Thursday, September 18, 2008

Phone call #4

I call my parents after school daily.

It's something I started last year. I need to process the day with someone from outside the system and they're great for it.

They had a meeting this evening, so I called a friend instead. I had stories from tutoring that I wanted to share.

Because I talk to my parents so often, I forget how sensational my stories can be. I remembered somewhere in the midst of telling my friend--a friend who's on the phone with me weekly; who has other teacher friends--because I didn't want to paint too negative a picture.

The theme of today's stories was one of hope. The lightbulb moment when a student saw the connection between repeated multiplication and addition. The awe that I've become a person that students can tell me some of the problems they're dealing with. And the way that students face their challenges.

These are the moments that remind me both that I have improved since last year and of the power of being a consistent presence here. These stories hold the promise of the coming year. My friend was able to catch the hopeful rays, but there's still the shadow reminding me how different the world my students experience is from my own.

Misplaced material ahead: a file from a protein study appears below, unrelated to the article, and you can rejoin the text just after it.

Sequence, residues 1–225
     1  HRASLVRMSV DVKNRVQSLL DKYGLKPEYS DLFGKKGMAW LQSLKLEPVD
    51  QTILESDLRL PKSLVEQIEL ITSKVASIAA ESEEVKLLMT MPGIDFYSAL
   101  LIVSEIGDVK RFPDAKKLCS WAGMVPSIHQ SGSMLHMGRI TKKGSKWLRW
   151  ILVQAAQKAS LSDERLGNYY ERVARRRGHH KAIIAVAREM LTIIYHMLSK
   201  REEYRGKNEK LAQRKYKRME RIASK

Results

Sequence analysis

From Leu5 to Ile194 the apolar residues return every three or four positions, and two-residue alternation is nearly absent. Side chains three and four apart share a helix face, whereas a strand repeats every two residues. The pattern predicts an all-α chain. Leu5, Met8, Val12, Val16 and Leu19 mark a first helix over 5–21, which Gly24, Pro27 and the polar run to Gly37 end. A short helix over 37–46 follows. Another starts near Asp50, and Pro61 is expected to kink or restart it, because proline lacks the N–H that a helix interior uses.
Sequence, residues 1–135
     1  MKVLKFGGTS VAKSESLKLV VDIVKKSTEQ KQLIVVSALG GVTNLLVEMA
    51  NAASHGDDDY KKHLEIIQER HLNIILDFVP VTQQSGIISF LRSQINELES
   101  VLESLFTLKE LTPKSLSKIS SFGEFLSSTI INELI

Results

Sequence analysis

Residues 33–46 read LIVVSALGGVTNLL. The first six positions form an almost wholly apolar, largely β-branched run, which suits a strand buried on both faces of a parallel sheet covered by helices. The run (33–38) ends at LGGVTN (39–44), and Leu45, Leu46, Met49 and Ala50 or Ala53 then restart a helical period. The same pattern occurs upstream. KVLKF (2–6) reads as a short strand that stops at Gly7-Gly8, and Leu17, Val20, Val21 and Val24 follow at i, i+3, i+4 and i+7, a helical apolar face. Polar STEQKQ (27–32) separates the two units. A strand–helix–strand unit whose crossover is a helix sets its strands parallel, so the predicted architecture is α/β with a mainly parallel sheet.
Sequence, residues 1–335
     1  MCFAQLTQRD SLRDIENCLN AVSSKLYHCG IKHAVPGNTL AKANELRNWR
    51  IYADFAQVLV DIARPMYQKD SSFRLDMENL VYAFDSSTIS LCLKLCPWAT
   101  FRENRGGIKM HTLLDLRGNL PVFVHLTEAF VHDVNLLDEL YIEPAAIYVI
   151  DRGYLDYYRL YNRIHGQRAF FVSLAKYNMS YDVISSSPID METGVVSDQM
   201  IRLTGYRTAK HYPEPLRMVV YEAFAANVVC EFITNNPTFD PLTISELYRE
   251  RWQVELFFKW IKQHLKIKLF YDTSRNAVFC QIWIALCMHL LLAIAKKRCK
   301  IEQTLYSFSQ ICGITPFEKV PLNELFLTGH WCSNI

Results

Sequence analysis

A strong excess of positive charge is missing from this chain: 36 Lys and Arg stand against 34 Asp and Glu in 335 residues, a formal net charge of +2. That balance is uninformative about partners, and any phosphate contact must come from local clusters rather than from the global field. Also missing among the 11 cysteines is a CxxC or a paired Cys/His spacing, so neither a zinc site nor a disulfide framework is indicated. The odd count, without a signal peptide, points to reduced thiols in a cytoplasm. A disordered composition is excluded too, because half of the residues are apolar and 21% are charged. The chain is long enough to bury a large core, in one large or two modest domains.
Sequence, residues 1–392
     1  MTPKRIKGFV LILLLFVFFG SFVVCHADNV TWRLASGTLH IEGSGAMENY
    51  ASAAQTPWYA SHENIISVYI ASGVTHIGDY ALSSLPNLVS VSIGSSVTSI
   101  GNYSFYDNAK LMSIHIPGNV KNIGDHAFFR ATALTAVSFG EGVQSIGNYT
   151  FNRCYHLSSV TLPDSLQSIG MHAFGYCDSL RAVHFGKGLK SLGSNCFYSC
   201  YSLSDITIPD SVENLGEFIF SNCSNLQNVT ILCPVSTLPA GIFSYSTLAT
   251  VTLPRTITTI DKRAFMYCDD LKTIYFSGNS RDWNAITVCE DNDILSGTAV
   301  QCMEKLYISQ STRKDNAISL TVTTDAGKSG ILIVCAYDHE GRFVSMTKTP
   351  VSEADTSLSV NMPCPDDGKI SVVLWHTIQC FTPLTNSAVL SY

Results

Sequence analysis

After all, I can call my parents every day.

2 comments:

Allison said...

To thoroughly avoid the point of this post:

the connection between multiplication and repeated addition

Oh man! That's so amazing! I'm not sure I properly appreciated it before I took intro. to cognitive science. I mean, I used it, but did I appreciate it? Maybe not.

But my reaction just now was "Wait, is multiplication repeated addition?" Gotta get done with these tests.

Sarah Cannon said...

When students don't know multiplication facts, I definitely want to emphasize the connection so they can figure it out on their own. This student said she'd never seen the connection before. Whether someone's tried or not is moot, she didn't have any memory of it.

Granted, I'm not sure I appreciated multiplication being repeated addition before teaching it, but I was aware of it.